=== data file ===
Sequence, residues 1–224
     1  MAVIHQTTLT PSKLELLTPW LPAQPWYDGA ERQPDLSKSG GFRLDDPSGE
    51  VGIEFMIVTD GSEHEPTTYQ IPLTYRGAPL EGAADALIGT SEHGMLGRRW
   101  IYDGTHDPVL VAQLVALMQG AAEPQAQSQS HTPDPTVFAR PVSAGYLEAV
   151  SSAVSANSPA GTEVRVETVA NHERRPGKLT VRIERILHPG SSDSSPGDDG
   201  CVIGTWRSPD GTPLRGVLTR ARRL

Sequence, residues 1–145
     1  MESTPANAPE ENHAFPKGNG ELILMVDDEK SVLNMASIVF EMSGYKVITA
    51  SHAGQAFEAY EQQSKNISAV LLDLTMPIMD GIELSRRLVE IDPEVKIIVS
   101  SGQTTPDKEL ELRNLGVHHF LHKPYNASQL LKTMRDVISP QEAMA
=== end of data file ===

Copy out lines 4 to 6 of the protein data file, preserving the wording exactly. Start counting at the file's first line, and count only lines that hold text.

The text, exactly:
   101  IYDGTHDPVL VAQLVALMQG AAEPQAQSQS HTPDPTVFAR PVSAGYLEAV
   151  SSAVSANSPA GTEVRVETVA NHERRPGKLT VRIERILHPG SSDSSPGDDG
   201  CVIGTWRSPD GTPLRGVLTR ARRL